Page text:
Quite laterally, I cannot settle for a name for this article as my mind keeps pushing and pulling me back and forth on different ideas. Seventies look with a modern twist, a story of brown on navy, or simply settle for the re-emergence of the turtleneck? At best none of those titles even come close to telling the full story and at worst, well they just don’t make sense by themselves.
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This article is the last of the three-part series I started some weeks ago called “Sunday best”. If you missed the first two, may I encourage you to go back and read first one here and then the second here so the whole piece makes more sense.
Last week, I did a short video piece for a car company (which I hope to share with you all when it comes out) and one of the questions I was asked was “what does style mean to you?”. This question is not unusual to me as a style blogger but for the first time, I was forced to think deeper what style means to me as I face the camera to give my take on this. I gave my usual answer which is that my style is a way of bringing out some of what’s on the inside for the world to see.
My style is purposeful and is driven by some of my character traits and evidently subtly challenges everyone around on how I wish to be addressed and related to without me having to say a word. This peaked the curiosity of my interviewer as his eyes narrowed and gently nodded in affirmation as if to say “I have not heard anyone put it this way before so please tell me more”.
Before I knew it, I found myself talking about temples and their significance from a Christian perspective. A temple as I understand is a place of worship to God which automatically make one very important. A brick and mortar temple is distinctive and different when compared to other buildings. It is cared for and looked after very well by cleaning and decorating it beautifully as is evident with cathedrals. The physical structure of a temple is big, bold and has intricate details not usually found on other buildings. In other words, a temple is purposefully built with precision and care to such an extent that you don’t need to be told it is a temple. A temple stands out.
This article is not so much about me and what I am wearing but has everything to do with the look model Jennifer has on. You can read about the description of my look and it seasonal significance in my previous article “How to stretch your summer into autumn with a suit”. Right here right now, I just want to say men’s clothing rock. I mean how else can a woman wear an iconic piece of men’s item like a dress blazer and completely own it with such elegance and grace? One word, versatility!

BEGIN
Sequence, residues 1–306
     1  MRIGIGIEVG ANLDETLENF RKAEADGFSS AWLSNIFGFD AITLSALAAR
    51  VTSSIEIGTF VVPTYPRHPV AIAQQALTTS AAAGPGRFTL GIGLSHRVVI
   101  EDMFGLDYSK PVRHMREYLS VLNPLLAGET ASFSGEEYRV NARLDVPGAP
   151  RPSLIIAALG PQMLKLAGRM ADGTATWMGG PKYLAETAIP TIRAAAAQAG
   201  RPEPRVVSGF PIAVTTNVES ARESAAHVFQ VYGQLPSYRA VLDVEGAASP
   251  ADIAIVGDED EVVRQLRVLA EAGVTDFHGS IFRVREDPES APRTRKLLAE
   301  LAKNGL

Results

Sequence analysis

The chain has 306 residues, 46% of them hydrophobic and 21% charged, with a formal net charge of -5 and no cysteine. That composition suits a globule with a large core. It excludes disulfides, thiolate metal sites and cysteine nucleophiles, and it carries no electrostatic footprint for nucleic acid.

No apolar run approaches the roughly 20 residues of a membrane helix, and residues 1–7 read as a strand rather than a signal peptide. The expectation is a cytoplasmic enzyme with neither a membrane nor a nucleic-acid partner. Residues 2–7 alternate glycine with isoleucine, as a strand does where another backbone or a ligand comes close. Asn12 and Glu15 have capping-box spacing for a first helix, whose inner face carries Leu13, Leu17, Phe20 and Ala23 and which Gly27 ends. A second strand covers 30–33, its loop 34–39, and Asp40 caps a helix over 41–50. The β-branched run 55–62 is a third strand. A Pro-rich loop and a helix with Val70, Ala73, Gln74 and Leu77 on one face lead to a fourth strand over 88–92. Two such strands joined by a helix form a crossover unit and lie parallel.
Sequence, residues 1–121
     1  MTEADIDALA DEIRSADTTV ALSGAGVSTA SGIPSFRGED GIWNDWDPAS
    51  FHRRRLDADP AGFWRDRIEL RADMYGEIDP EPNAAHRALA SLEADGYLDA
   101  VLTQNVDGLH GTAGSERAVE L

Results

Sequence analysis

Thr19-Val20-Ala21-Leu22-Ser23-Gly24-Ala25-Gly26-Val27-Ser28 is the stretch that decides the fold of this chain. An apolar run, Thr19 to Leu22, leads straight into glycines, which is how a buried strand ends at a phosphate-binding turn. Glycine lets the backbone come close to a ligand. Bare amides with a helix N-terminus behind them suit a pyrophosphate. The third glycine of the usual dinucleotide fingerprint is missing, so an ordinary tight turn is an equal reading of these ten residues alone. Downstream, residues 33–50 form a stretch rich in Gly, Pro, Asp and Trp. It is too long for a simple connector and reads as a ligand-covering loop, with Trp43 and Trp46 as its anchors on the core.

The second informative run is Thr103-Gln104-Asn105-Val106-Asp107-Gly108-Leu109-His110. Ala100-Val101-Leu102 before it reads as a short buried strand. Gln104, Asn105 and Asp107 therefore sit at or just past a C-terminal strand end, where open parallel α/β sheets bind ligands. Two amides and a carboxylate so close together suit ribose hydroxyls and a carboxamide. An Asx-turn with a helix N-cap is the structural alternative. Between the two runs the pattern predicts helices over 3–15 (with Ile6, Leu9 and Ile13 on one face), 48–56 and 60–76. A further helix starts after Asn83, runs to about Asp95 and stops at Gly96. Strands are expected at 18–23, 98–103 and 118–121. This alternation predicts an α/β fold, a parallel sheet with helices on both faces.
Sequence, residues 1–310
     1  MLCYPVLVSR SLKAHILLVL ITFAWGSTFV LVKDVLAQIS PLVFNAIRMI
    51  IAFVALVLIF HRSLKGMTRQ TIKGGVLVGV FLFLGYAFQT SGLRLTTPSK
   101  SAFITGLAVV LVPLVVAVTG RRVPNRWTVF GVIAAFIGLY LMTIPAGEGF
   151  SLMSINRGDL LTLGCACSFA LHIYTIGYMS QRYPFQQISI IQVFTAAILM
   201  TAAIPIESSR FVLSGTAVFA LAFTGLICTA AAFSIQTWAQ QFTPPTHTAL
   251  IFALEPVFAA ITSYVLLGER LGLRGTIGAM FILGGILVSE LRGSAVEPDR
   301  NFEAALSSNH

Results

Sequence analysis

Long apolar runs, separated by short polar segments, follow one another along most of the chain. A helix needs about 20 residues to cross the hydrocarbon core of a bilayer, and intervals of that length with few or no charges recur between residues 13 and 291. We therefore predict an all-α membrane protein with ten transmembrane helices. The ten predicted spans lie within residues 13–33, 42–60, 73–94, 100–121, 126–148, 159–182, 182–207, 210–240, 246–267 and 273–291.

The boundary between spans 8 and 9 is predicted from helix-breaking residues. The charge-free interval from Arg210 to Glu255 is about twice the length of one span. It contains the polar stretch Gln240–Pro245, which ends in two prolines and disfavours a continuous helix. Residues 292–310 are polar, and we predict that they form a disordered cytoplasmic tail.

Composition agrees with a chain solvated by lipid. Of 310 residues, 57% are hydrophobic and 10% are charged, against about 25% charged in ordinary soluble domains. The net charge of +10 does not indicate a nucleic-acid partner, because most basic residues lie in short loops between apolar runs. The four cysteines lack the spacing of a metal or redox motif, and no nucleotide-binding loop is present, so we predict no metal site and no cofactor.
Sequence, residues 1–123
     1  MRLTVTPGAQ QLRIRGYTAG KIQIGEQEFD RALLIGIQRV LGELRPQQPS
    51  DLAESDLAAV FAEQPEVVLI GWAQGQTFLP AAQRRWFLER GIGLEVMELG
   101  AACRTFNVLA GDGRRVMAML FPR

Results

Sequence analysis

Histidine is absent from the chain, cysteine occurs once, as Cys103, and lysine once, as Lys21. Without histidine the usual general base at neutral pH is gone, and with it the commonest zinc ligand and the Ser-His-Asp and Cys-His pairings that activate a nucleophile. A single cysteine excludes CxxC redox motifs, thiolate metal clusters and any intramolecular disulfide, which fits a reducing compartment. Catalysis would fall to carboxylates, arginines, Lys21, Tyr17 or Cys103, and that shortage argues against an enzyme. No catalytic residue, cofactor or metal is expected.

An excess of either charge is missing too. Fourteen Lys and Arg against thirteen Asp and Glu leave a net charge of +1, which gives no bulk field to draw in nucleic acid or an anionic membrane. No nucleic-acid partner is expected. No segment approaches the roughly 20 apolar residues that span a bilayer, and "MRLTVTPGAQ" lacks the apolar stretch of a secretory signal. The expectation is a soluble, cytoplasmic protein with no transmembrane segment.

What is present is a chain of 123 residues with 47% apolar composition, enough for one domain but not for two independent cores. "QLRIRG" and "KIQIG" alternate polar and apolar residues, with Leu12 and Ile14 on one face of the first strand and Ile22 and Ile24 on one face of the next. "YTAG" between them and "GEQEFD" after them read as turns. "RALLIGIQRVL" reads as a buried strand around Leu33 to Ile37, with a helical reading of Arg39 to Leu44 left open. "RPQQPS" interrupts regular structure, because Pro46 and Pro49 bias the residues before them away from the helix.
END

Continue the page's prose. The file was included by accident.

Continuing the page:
The long story
Ok now hear me out for a few minutes at least. This shoot or indeed this concept of sharing my wardrobe with Jennifer started off as a necessity which quickly turned out to be a total blessing and a revelation to me personally. I picket up the phone to style consultant and creative director Rita Colson two days before the shoot was due to resign myself to the fact that the shoot might be called off as the male models I casted to feature with me could not make it. Sensing the massive disappointment in my voice the genius that is Rita quickly turned my fortunes round by suggesting the use of a female model instead. I have to be honest and say that I was very wary and apprehensive of the idea at first for the simple reason that I wouldn’t know what to do if I should style a woman using my wardrobe. I mean I already planned and styled the male models so I struggled to replace that idea at such a short notice.
You can image the relief and excitement I had when Rita offered to style Jennifer. With an entire floor to ourselves, we spent the whole day shooting and reshooting to get everything right. Because the shoot was a great success, I was able get enough content for four distinct articles two of which explores men’s clothing on women. I made the shoot with Jennifer into a mini two-part series with the first being this article and the second to follow soon.